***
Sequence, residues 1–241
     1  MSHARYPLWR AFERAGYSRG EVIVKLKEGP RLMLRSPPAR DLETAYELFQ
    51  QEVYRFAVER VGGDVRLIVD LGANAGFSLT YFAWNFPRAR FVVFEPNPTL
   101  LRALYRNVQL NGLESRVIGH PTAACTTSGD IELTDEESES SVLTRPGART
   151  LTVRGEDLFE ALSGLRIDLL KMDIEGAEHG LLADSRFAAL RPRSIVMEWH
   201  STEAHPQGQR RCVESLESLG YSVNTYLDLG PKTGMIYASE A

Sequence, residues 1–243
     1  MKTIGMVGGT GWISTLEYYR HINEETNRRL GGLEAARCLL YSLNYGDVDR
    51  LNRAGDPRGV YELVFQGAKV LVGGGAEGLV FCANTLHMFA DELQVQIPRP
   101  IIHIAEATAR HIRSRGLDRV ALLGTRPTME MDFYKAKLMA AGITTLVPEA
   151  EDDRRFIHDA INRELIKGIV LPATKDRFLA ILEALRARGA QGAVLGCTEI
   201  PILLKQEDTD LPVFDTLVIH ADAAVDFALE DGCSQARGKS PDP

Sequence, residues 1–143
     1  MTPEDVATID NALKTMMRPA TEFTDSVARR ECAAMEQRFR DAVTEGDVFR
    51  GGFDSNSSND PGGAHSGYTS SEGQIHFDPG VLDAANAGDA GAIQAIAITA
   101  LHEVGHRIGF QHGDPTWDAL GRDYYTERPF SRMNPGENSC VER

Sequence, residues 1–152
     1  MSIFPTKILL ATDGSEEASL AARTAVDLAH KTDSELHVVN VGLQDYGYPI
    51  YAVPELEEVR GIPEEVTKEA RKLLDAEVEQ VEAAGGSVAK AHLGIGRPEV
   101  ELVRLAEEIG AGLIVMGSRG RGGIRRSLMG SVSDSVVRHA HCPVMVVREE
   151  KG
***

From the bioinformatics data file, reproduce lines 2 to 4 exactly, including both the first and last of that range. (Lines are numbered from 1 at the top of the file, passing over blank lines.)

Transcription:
     1  MSHARYPLWR AFERAGYSRG EVIVKLKEGP RLMLRSPPAR DLETAYELFQ
    51  QEVYRFAVER VGGDVRLIVD LGANAGFSLT YFAWNFPRAR FVVFEPNPTL
   101  LRALYRNVQL NGLESRVIGH PTAACTTSGD IELTDEESES SVLTRPGART